Seeing is believing After years of foggy vision, one patient gets a new outlook on life from laser surgery. She describes what it was like.

September 20, 1998|By Jo Bremer | Jo Bremer,Sun Staff

With the surgical blade poised above my right eye, the last thing on my mind is moving. I'm not even breathing.

"Are you with me?" Dr. Anthony J. Kameen asks.

"Yes," I say.

I'm really not breathing: If I can just get through the next few minutes of this new kind of laser surgery, I have a good chance at being able to see clearly for the first time in my life, of going from 20/400 vision to 20/20.

For as long as I can remember, I've had poor vision. Photos of my childhood show black eyes and bruising - being a tomboy is difficult when you can't see.

I cheated on elementary-school eye tests, memorizing the answers of the students in front of me, but teachers eventually caught on. By sixth grade, I sported an extremely unattractive pair of spectacles to correct my nearsightedness and astigmatism.

After college, I tried wearing contact lenses, but they felt gummy and uncomfortable.

By the time radial keratotomy eye surgery came around more than a decade ago, I was ready to consider it. But the thought of someone making pizza-slice cuts in my cornea was unnerving.

Then just over a year ago, I started hearing ads for a new kind of laser surgery, laser-assisted in situ keratomileusis.

I called an 800 number (800-441-2456) and learned about LASIK from the LCA Vision Center affiliate at Greater Baltimore Medical Center. Easier than radial keratotomy. Safer. Better results. Less pain. (I particularly liked that part.)

Instead of making numerous cuts to reshape a cornea to correct vision, the LASIK doctor makes one cut to create a flap of cells, folds that back, then corrects the vision by using a laser to remove vision-distorting bulges. The flap is replaced, making for quick healing.

LCA offered a free evaluation, but I chickened out.

This summer, I received an updated brochure that mentioned 12-months-same-as-cash financing - an attractive deal for surgery that costs about $5,000 and is not covered by insurance.

But the deciding factor didn't come in a brochure. It came on my night stand.

I was awakened by noise one morning. Groggily, I turned to the digital clock on my night stand.

1:05 p.m.

Ack! I was due at work - 30 minutes away - in 25 minutes. I started to call my boss, bending closer to the clock to calculate just how late I would be.

7:05 a.m.

I'd mistaken the 7 for a 1.

I still had five hours to sleep.

After I woke up again, I became convinced that I should at least see if LASIK was an option. I'd seen Kameen do the eyes of Ravens player Benny Thompson live on television, so I thought the operation couldn't be that difficult.

At GBMC, a consultant told me I was a good candidate for the surgery. But I had lots of questions about my expected results. What is the likelihood I would achieve 20/40 vision or better with only one surgery? (98.8 percent; average is 97.5 percent.) 20/20? (93.5 percent; average is 93 percent.) How many surgeries had Kameen done? (4,000.) Of those, how many eyes had serious complications? (Four, but all were later successfully re-treated with LASIK surgery.)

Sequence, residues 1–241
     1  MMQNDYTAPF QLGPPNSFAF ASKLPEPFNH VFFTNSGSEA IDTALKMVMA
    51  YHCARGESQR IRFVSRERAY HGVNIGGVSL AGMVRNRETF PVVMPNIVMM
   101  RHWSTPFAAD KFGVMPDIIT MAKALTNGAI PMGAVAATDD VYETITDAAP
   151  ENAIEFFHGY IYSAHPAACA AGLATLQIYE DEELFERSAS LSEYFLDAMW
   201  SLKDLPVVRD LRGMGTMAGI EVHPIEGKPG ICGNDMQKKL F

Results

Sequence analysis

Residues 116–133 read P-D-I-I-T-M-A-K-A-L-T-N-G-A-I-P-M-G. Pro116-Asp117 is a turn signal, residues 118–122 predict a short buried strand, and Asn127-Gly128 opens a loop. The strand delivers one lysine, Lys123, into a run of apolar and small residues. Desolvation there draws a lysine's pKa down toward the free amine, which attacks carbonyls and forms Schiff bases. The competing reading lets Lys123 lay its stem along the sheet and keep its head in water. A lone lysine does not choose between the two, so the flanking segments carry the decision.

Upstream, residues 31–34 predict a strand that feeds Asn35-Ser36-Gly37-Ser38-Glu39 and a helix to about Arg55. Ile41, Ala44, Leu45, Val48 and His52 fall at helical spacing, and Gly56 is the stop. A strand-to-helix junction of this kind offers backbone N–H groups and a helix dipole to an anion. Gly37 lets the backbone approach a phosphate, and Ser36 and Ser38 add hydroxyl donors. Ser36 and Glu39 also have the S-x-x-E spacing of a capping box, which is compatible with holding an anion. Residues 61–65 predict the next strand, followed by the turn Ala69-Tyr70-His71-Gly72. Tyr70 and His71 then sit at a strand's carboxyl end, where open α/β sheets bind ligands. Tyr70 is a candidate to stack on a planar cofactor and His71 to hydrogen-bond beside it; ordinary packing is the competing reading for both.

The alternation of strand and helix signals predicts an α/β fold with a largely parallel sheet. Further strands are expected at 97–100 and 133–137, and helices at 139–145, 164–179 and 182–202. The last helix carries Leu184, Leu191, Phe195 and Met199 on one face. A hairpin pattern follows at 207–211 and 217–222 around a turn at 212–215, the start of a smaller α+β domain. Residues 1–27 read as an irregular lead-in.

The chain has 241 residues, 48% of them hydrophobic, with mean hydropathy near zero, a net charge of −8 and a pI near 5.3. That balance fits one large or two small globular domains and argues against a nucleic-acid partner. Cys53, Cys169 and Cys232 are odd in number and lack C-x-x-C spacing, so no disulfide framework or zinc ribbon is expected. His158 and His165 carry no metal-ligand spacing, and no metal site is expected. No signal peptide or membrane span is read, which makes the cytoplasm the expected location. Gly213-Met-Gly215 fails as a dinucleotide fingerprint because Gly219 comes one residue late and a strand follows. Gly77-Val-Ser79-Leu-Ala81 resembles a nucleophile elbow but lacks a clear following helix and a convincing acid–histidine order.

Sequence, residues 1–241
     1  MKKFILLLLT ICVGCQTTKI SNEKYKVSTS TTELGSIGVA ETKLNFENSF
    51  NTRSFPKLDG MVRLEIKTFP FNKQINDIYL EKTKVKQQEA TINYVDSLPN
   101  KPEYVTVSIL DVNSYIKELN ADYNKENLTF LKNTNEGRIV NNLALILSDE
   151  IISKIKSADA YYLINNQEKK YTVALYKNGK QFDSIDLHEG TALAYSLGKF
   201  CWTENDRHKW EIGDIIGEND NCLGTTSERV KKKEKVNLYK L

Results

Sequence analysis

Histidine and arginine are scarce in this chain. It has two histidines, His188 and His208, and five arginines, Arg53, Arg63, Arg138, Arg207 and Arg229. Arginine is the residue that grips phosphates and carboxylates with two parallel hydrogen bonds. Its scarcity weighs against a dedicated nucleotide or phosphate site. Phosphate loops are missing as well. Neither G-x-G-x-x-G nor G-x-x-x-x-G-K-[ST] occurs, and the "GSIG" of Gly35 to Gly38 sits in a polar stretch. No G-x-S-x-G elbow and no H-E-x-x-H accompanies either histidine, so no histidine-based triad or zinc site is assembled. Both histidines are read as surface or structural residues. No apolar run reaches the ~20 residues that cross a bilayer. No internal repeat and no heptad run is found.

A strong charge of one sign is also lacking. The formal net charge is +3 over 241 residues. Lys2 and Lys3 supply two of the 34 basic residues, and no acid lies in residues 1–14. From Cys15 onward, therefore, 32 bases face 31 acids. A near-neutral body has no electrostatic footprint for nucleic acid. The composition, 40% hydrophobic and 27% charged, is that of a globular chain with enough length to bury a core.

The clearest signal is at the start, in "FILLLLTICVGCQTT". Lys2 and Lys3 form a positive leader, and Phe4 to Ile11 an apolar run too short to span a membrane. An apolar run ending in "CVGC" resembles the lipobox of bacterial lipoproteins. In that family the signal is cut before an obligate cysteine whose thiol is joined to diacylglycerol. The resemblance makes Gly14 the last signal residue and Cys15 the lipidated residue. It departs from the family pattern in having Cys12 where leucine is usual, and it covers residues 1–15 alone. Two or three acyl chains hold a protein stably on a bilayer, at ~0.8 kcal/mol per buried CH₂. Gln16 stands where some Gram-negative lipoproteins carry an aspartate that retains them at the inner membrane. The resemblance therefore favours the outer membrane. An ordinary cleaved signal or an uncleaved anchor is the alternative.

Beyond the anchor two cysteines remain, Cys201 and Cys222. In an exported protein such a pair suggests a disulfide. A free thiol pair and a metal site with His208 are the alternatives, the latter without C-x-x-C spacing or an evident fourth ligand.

I agreed to further evaluation, basically a complete eye exam including a computer-mapping of my eye. As I stared into a target of lights, an ultrasonic evaluation of my cornea showed the doctor where my eye was misshapen. From the looks of the printout, I had the Rocky Mountains in one eye and the Andes in the other.

My surgery was set for Aug. 31.

Reaction from family and friends was decidedly unmixed:

"You're going to do WHAT?"

"Ewwwwwww."

"Why would you get your eyeballs sliced open?"

"What if they mess up?"

But there is no turning back. The morning of surgery, I sign a release and financing papers and then pop the 10 milligram Valium tablet given to me. I want the Valium to work quickly, because I need it. My hands clench the arms of my chair in the lobby. I make mindless small talk.

Soon, they are ready for me. I move to the next waiting area to be prepped. For my post-op recovery period, I am given a clutch bag of drops and nighttime eye shields - and very large, very ugly sunglasses. My hair is bundled into a surgical cap. I am given anesthetic drops to numb my eyes.

Minutes later, I walk into a dimly lighted room with a large machine in the center. I take my place at the table, where Kameen's assistant takes my glasses.

"I forgot I had them on," I say with a giggle. My eyes tear when I realize that, if this works, I'll never have to put them on again.

Then the surgery begins.

Kameen inserts a speculum in my eye to spread my eyelids apart so he can cut a flap thinner than a hair on the membrane covering my cornea. The paper-clip-sized speculum wires are uncomfortable, but not painful.

"In the next few seconds, you're going to feel pressure, followed by a dimming of your vision," he says. "Are you with me now?"

"Yes." Please, don't let it hurt. Please don't let me squirm. Please let me be brave.

I see a disk placed on my eye. This is the suction device that will hold my eye steady as Kameen cuts.

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